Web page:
MSU joins Age-Friendly University Global Network

Contact: Carl Smith

STARKVILLE, Miss.—Mississippi State’s commitment to providing quality educational opportunities to all learners, no matter which season of life they are in, has earned the university membership in the Age-Friendly University Global Network through 2028.

Age-Friendly University Global Network logoAFUGN member institutions are committed to promoting positive, healthy aging and enhancing the lives of older people through innovative educational programming, research agendas, curriculum development, online education, well-being activities, arts and culture programs, and civic engagement opportunities. MSU is the first AFUGN member from the Magnolia State, as well as the Southeastern Conference, and joins approximately 100 universities across five continents in the Arizona State University-based network.

“Mississippi State University is working hard every day to meet the needs of the many people and communities we serve across the great state of Mississippi and beyond through teaching and learning, research and creative discovery, and outreach and service,” MSU President Mark E. Keenum said. “We want to meet people wherever they are in life, and attaining this ‘age-friendly’ designation is further confirmation of our commitment to do so.”

As an AFUGN member, MSU pledges to uphold the organization’s key principles and will prioritize recognizing the educational needs of older adults; promoting personal and career development in the second half of life and supporting those who wish to pursue second careers; increasing access to online educational opportunities for older adults; and ensuring regular dialogue with organizations representing the interests of the aging population. The MSU Division of Access, Diversity and Inclusion will coordinate and facilitate the initiatives stemming from the AFUGN’s key principles.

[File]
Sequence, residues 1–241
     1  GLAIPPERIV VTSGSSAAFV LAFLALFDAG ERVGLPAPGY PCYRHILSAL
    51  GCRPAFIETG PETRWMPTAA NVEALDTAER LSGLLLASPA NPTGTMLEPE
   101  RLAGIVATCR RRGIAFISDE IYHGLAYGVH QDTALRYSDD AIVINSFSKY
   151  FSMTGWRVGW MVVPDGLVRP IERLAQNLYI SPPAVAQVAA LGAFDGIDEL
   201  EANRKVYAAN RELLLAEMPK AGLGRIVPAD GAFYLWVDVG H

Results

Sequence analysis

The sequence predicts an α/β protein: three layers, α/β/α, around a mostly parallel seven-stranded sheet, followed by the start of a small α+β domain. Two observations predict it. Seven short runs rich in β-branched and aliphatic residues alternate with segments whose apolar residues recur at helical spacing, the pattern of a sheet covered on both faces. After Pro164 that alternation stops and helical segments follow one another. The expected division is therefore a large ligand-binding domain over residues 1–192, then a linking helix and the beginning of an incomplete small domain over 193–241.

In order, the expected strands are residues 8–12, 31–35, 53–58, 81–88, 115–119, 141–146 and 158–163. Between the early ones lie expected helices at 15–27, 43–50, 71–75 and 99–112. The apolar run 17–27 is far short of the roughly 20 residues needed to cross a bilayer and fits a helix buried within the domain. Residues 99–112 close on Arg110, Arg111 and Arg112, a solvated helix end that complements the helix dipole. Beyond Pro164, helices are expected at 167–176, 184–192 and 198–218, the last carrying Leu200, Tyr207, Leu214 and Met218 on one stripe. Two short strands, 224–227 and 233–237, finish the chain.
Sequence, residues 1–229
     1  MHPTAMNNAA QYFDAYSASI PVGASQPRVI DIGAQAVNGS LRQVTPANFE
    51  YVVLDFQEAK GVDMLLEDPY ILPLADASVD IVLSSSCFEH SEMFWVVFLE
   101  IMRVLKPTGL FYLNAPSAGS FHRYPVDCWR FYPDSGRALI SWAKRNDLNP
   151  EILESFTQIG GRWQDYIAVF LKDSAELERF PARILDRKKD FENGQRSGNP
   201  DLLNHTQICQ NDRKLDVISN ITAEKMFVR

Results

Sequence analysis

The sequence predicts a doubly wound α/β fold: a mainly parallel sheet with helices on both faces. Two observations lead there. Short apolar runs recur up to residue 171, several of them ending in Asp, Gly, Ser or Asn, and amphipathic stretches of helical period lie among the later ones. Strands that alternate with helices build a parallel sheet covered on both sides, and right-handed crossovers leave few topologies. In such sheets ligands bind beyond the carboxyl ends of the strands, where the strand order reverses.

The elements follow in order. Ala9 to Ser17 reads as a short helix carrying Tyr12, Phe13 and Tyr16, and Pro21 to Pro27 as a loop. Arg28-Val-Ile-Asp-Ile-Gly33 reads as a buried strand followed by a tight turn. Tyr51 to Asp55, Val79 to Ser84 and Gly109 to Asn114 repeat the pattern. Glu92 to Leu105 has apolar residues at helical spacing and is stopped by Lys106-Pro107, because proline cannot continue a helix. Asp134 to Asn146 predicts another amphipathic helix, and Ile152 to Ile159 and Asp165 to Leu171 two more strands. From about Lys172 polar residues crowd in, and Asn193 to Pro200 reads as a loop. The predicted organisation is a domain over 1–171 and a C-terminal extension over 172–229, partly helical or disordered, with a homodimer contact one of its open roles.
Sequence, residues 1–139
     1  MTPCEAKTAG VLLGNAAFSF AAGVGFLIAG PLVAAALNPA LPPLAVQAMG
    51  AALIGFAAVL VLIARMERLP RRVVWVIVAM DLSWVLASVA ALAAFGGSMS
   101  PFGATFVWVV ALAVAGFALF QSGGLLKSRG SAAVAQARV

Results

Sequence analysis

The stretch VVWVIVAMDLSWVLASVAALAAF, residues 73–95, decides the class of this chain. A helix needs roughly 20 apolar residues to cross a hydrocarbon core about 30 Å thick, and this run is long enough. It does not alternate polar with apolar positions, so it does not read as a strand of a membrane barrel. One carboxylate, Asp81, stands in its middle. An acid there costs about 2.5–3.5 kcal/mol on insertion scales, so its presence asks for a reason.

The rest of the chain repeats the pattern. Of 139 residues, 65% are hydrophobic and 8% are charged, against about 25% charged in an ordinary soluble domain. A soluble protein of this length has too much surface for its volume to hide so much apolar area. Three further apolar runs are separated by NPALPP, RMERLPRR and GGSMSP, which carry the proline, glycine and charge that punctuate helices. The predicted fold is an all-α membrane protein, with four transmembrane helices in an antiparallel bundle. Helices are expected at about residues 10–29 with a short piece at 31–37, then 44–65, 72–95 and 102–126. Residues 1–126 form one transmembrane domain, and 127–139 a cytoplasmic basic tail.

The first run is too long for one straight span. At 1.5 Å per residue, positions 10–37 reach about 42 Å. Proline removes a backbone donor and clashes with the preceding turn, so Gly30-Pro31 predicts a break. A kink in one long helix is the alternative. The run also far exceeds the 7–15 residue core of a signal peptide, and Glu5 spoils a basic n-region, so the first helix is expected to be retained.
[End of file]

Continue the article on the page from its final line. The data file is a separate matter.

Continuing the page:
“Taking care of what matters means that we are making communities welcoming and livable for people of all ages, especially aging adults,” said Ra’Sheda Forbes, vice president for access, diversity and inclusion. “I am very excited about this designation for Mississippi State University. We now have multiple generations together in the workplace, which only increases the strength of our university. Furthermore, as people are living longer lives and embarking upon new careers that require new skills and knowledge, we want to make sure that we are enhancing learning opportunities and creating opportunities for career development.”

David Buys, associate professor in the Department of Food Science, Nutrition and Health Promotion and MSU Extension state health specialist, said the university’s inclusion in the AFUGN reflects its “long history of taking care of what matters for people across the life course,” citing examples from Extension’s founding in 1914 to this year’s establishment of MSU’s College of Professional and Continuing Studies.

“With the CPCS, we have a brand-new indication of our commitment to meeting the educational needs of lifelong learners as we build new learning opportunities and degree programs for those who can’t get to campus,” he said. “As a gerontologist who studies healthy aging, I couldn’t be prouder to be at an institution that centers the importance of making our resources accessible for everyone.”

MSU will begin an AFUGN renewal process in 2027. Visit for more information.

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